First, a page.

Energy Storage Technology
The oldest form of rechargeable battery for electricity storage is the ‘wet cell’ lead acid battery, which is heavy, unsealed and so prone to leakages, and has to be kept well-ventilated due to the mix of hydrogen and oxygen gas it produces when overcharged. Fortunately, the technology has moved onwards, to sealed dry cell batteries such as nickel-cadmium (NiCd) and lithium-ion (Li-ion) cells that are used in mobile phones and laptops.
Flow batteries are similar to fuel cells in that the two liquid reactants are kept in separate containers. Energy can then be extracted or fed in by flowing the reactants past two electrodes separated by a membrane. The amount of energy stored is only then limited by the size of the reactant tanks. In comparison with other types of rechargeable battery described above, flow batteries have a much longer lifespan although they are not currently widely used due to the cost and difficulty in maintaining the materials needed.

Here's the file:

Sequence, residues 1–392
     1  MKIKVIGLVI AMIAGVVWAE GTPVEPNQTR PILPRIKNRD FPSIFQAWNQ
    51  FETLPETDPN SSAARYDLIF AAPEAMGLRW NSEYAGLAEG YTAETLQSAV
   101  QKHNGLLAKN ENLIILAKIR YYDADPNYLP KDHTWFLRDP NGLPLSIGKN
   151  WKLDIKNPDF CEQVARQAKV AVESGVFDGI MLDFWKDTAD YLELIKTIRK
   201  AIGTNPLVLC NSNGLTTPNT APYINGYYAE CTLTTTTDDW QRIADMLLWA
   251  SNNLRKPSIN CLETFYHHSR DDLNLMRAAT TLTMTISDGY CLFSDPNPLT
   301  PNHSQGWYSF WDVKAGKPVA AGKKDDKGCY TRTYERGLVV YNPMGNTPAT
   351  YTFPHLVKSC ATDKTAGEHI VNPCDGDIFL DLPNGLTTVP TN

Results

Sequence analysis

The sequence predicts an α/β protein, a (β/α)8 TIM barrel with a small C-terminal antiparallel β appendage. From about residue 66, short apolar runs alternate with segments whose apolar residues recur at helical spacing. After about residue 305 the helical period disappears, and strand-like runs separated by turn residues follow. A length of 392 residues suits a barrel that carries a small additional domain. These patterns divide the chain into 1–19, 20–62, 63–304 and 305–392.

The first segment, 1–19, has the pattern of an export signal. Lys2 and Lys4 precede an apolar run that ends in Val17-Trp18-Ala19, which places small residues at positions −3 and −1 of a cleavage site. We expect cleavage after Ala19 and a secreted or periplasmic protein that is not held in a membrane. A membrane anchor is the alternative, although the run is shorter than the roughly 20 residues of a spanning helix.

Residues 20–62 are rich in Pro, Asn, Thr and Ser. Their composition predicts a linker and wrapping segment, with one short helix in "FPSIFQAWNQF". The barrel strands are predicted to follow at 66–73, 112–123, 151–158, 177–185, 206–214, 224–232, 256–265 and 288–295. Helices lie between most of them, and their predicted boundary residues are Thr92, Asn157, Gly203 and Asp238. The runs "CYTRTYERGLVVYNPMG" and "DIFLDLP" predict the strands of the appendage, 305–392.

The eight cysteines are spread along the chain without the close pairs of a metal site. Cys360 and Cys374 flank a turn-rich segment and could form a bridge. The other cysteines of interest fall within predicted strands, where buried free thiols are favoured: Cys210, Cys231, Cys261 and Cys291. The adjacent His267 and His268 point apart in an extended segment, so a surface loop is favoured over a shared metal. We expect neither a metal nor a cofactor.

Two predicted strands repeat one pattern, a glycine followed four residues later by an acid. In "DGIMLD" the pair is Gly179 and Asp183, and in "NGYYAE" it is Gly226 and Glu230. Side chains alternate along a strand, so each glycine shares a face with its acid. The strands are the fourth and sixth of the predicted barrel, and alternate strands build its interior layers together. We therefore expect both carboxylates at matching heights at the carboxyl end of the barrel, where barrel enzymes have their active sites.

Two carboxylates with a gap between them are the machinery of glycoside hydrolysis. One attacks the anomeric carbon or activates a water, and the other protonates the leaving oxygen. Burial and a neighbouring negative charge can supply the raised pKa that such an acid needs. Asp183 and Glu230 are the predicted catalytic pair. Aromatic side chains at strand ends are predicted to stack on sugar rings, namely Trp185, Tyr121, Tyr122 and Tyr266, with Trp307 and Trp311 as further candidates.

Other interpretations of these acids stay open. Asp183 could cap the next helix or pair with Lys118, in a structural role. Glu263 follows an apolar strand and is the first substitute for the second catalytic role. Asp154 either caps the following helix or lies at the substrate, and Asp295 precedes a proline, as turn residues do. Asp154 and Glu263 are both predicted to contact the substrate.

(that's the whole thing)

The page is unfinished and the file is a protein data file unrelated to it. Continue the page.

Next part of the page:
However, new research from scientists at Harvard has identified new materials that could significantly reduce the costs associated with flow batteries.
Organic molecules called quinones are extremely good at grabbing and releasing electrons – and so are ideal for use as the liquid reactant in flow batteries. Quinones are plentiful in all green vegetables (especially in rhubarb). They are also about one third of the cost of existing flow battery materials. This research is still ongoing – but the team at Harvard envisage a flow battery the size of a conventional oil tank for individual households that could store a few days’ supply of energy needs.